Meet the Corner Brook dog and baby squirrel who have become the best of friends

·3 min read
Alisha Rideout feeds baby squirrel Alvin while his friend Berlin watches. (Troy Turner/CBC - image credit)
Alisha Rideout feeds baby squirrel Alvin while his friend Berlin watches. (Troy Turner/CBC - image credit)

They're a strange couple but Alvin and Berlin have become the best of friends. Berlin is a border collie owned by Corner Brook's Alisha Rideout. Alvin? Well, he's a squirrel Berlin found on a hike at Crescent Lake.

Rideout says she thinks dog and squirrel have a unique connection.

"I think where Berlin initially found him and spent all those hours with him, that they really have a special bond," said Rideout. "They will play together, Berlin will 'boop' him with his nose, and when Alvin is drinking his bottle, Berlin will lick his face, lick the milk off his face.

"I think Berlin does have a fatherly instinct towards this squirrel. They're always together."

Their introduction came in early May when Rideout was hiking the Hazelnut Hiking Trail in Green Bay South. Berlin went for a dip in the lake to cool off and returned with something in his mouth. Initially she thought it was a dead animal but upon further inspection realized it was a baby squirrel.

"His little belly was going up and down and I said, 'Oh my, that's still alive,'" said Rideout. "I knew you're not supposed to take random wild animals home, so I did leave him the first night alone, but when I came back [the next day] with a bucket and a blanket to put him in, I was like, 'You're coming home with me,' so he did."

Troy Turner/CBC
Troy Turner/CBC

Alvin, named after the fictional chipmunk, has been living on Corner Brook's west side for three weeks. And, slowly, he's gaining his independence. At first, Rideout bottle-fed him kitten formula every hour or two, which came with other challenges, said Rideout.

"After you bottle-feed them, they can't pee or poop on their own," she said. "So you bottle-feed them and then you have to have a little Q-Tip, you've got to rub him so the pee will come out, because [otherwise] they will blow up with pee and they'll die."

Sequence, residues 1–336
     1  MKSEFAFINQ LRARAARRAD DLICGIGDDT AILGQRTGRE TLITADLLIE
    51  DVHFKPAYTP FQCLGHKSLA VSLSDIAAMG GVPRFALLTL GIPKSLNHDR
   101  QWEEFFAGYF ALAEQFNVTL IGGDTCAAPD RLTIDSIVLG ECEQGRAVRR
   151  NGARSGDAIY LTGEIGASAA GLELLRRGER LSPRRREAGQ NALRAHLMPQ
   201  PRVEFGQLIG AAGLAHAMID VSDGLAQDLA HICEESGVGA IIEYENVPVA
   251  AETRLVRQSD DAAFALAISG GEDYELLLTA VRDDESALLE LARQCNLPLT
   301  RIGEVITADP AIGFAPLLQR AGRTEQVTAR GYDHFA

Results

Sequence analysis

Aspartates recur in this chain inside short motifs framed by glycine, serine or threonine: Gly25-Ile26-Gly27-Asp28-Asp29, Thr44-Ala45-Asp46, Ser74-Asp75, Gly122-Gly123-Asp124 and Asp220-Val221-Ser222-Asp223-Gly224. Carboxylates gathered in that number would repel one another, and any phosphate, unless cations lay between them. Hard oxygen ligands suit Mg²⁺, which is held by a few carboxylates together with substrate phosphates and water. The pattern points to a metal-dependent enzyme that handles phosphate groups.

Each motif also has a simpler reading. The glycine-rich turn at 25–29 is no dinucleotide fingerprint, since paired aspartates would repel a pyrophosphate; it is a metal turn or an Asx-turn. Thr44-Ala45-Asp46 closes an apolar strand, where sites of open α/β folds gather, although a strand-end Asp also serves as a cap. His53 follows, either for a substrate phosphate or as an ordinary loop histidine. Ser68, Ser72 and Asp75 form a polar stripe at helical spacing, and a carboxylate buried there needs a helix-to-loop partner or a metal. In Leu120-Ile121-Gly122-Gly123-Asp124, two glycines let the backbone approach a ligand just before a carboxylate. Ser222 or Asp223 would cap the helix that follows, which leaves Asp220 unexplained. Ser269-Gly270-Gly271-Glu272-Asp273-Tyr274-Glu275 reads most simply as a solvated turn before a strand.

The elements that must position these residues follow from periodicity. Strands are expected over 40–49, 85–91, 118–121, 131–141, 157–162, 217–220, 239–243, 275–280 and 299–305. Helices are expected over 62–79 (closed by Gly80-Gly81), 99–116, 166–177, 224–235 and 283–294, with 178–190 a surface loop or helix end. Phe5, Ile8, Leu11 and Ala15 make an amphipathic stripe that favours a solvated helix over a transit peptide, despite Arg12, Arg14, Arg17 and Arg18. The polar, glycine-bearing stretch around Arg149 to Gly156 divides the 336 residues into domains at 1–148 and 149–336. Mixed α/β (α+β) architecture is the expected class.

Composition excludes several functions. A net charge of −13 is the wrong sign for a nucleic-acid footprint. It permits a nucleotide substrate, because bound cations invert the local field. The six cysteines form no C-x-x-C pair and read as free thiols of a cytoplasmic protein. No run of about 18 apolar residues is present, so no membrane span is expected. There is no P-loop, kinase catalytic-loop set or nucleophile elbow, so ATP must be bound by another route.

For the past few days, he's suckled on bananas, apples and small animal drops. Rideout's goal is to introduce him to solid food in the coming weeks.

Rideout, who works as a hairstylist, says the squirrel is becoming more energetic each day but is still well behaved.

"I think because he has a safe space, he has sticks and he has a nest, he doesn't have to try to find anywhere to build a nest," she said. "I think squirrels are destructive because they want somewhere to leave and they want something to eat. But he has an abundance of both."

There's a cage, complete with small sleeping quarters set up in Rideout's living room, but Alvin gets to run free most of the day. If he's not cuddling with Berlin, he's jumping around the furniture, and usually sleeps on Rideout's pillow for about seven hours every night.

"He'll just jump from furniture to furniture, he climbs the curtains, he's like a spider monkey. He's really active but he's still loveable at this point, he loves to cuddle. He sleeps [near my neck] every night, loves to cuddle, loves Berlin."

Troy Turner/CBC
Troy Turner/CBC

A wakeup call usually involves Alvin nibbling on Rideout's eyelashes, and then they take on the day together, with him in a little carrier.

"He'll come to work with me every day, and he'll sleep but when he wakes up and he starts chirping at me, I will give him the bottle, and then I'll  go back to work," she said. "Then, a couple hours later, he'll start chirping again and I'll bottle-feed him again. But then, as soon as we get home, we're just out [or] in bed, just hanging out, running around. He's not in the cage that often."

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